Many parents pay careful attention to their child’s major physical and language milestones, like first tooth, first steps, first words. But do you know the less obvious social and emotional milestones that can also help you determine if your child is on the right track?
What is Social-Emotional Development?
Social-Emotional skills are those skills that allow people to interact appropriately with others. In young children, these skills include things like making eye contact, communicating their feelings with adults, and even starting to share toys and objects with other people.
What should I look for?
-Even before children begin to speak, they should be socially engaged with the people around them. Look for the behaviors listed below to make sure your child is appropriately engaged.
-Young children typically use eye contact when they babble, even if the words or sounds they are making don’t have clear meaning. When your child becomes sad, he or she should look at someone to show this sadness. If something funny happens, your child should also look at whoever is nearby while laughing. They should want to share their feelings with the people nearby.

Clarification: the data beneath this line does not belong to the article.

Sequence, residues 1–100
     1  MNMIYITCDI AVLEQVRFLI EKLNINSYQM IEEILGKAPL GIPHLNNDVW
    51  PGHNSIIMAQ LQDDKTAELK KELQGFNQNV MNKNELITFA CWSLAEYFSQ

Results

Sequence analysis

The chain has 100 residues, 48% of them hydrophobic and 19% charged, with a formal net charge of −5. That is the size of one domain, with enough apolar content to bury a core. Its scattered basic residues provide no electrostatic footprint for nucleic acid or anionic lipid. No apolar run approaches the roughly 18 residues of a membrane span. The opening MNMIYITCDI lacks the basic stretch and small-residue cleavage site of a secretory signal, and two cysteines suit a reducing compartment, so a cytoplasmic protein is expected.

-Children should also point out things they see (like an airplane flying overheard or a dog down the street), not just things they want (like a cup of milk or a cookie). Your child should want you to experience the things they experience and notice the things they notice.
-Typically developing children often hand things to adults and then smile and wait for the adult to hand the object back. The child isn’t giving you the object because he or she wants you to do something with it. He/she is giving the object because it is an easy way to interact. As children get older, they may offer you a turn with a toy or a sip out of their cup as a way to show their interest in interacting with you.
What about tantrums?
Temper tantrums, although exhausting, are a typical stage of development. Children learn that they have their own opinions and that they can express those to get what they want. They also may have tantrums because they struggle to handle disappointment appropriately. It is important for parents to remain calm during tantrums and help children learn the right way to ask for things or to express their feelings. If your child has tantrums that lead to injuries (of self or others) or that damage property, it may be time to seek the help of an expert.
If you are worried that your child isn’t on track with his or her social-emotional skills, it may be time to get some help. Contact our office if you are concerned about the social-emotional development of your child.
You can learn more with the online resources below for more information: